To Kill a Mockingbird // A Review of The Springer Opera House Rendition

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The featured image was taken from The Ledger-Enquirer website.

Let me make one thing very clear before diving into this review. I collect books, and in my not so very long life, I have collected A LOT of them. I have lived all over the country and the one consistent thing I notice about people who have helped me pack my U-Haul is that they absolutely hate helping me with my books. The books are heavy, I am over-protective, and there are a lot of them. I already have a small library in my house and I am more likely to get rid of one of my three dogs (which are like children to me) than I am to get rid of a book, despite the fact it would make my arguably nomadic life a lot easier if I just broke up with some of my old reads.

Among the books people have suggested I dump, due to the tearing spine and sun spotted page edges (a testament to how many times I have read this book), is To Kill a Mockingbird by Harper Lee. To Kill a Mockingbird  recently hit The Springer Opera House stage, adapted by Christopher Sergel and directed by Paul Pierce. I entered The Springer with high hopes, and to be honest, low expectations, assuming the play would be a watered down version of a book that inspired controversy, dealt with overt prejudice, and required readers to evaluate their conscience. I wondered how a play could adequately portray a book that has sold more than 12 million copies, is a New York Times best seller, and has won a Pulitzer Prize award. You would think by now, as a regular reviewer, that I would have learned that The Springer Opera House, with the help of their amazingly talented cast and crew, does not disappoint.

To Kill a Mockingbird is set in 1935 Alabama, in a town where prejudice is the norm. Director Paul Pierce did an excellent job of making sure all independent forms of prejudice throughout the book, were equally represented on the stage, without making racial prejudice the entire focus of the show. The play not only highlighted the obvious racial prejudice that is evident throughout the book, but also represented the book’s other form of prejudice, such as economic prejudice (represented by the Ewells) and the non-conformist prejudice (represented by Boo Radley). I fully expected these themes, and the language that has historically been a part of them, would be diluted or changed for a modern audience, as is done elsewhere all over the country…but then the first “N-Word” was dropped.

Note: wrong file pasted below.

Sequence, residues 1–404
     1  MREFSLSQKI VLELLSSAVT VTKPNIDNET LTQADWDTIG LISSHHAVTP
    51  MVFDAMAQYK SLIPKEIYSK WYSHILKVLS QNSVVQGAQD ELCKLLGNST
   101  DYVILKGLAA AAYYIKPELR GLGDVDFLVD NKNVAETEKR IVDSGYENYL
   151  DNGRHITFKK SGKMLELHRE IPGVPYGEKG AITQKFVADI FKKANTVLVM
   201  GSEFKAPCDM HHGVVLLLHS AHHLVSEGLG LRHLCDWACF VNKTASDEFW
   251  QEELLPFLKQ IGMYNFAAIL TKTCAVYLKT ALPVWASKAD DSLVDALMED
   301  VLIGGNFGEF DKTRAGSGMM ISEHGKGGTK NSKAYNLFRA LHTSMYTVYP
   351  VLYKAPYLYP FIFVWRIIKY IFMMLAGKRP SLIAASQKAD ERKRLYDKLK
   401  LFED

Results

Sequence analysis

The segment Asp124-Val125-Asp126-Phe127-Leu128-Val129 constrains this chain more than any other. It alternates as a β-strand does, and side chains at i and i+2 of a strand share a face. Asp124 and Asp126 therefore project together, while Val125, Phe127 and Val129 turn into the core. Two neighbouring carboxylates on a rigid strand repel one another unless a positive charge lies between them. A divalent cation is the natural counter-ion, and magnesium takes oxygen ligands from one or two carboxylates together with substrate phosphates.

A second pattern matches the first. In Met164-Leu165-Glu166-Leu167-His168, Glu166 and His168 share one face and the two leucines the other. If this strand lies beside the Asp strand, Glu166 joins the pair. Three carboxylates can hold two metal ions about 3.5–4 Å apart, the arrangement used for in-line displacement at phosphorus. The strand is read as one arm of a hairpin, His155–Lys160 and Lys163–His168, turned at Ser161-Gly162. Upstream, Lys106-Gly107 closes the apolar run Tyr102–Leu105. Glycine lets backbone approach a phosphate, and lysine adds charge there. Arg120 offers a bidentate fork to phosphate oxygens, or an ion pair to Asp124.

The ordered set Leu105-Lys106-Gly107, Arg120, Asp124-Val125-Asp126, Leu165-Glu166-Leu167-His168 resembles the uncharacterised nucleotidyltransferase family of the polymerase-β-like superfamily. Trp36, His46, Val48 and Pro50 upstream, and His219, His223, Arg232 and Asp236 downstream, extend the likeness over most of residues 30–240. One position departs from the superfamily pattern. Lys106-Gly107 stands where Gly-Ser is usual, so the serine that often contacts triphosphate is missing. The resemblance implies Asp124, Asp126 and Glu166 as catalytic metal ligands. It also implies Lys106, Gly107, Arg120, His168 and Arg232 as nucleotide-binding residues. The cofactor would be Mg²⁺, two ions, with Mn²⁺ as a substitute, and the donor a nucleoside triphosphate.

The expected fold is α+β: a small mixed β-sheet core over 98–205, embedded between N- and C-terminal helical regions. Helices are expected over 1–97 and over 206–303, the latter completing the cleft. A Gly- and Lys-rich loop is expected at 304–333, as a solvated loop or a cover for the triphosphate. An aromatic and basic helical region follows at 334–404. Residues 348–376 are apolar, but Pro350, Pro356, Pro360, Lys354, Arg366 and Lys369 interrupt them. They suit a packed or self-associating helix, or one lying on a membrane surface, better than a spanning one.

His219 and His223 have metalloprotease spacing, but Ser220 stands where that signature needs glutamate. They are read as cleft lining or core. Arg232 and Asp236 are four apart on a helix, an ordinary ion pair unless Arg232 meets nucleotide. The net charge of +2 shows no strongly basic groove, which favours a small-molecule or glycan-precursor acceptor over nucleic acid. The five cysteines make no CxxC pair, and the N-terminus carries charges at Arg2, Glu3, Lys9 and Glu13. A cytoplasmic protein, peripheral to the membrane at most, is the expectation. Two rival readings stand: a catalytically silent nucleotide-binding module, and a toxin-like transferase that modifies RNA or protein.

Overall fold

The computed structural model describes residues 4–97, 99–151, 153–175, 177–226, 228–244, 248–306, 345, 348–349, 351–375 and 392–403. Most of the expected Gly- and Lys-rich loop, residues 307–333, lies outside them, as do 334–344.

Over time, and even in it’s historic use, the “N-Word” was, has become, and is in my opinion (as you can see I won’t be using that word in my review) representative of the worst form of racism. In today’s society, many of the classics have come under fire for their use of the word, and some books have gone as far as to change the verbiage to the word ‘slave’ as opposed to the “N-Word” in order to make the book more palatable.  While I understand the argument, this word is a part of our history, and by removing the word from classic books and plays we are white-washing our past. The choice The Springer, Christopher Sergel, Paul Pierce, and the cast made to maintain this language in the play not only honored the prejudicial experience black individuals have experienced throughout history, but it remained true to the controversial nature of the class book. They honored our past by using the language that was common in 1935, though our past (and often times our present) has been filled with ugly words and ugly actions towards anyone who isn’t white.

Costume designer Lindsay Schmeling did an excellent job outfitting the cast. The costume designers choices helped to identify each character’s social position. It appeared that hem lines, colors, and fabrics were very true to the fashion in 1935. Even the court room secretary was dressed in a crisp tailored dress and sat with good posture, as opposed to May Ewell who was dressed in a well-worn summer dress, and sat slumped with her toes turned in. Without any dialect, one could guess where each character fell on the social and economic ladder.

Scenic designer Matthew Swindle did an amazing job of setting up the stage. Each house clearly had character, which matched the personality of its occupants. The set, even without moving the main stage around much, easily transitioned between scenes to serve as a neighborhood, as a courthouse, and as a forest. The play even incorporated the audience as part of the set by making the audience into the jury of the Ewell vs. Robinson case.

Though this show has already come to an end, its impact on the viewers has not. This powerful rendition of To Kill a Mockingbird left the audience buzzing after the show, and as equally as fired-up and inquisitive as the book itself. If The Springer can make me feel moved, passionate, shocked, and a little pissed off, they have done their job in reaching the audience. I cannot wait to see what they can do with Sweeney Todd.

Reviewed by Taylor Schwartz


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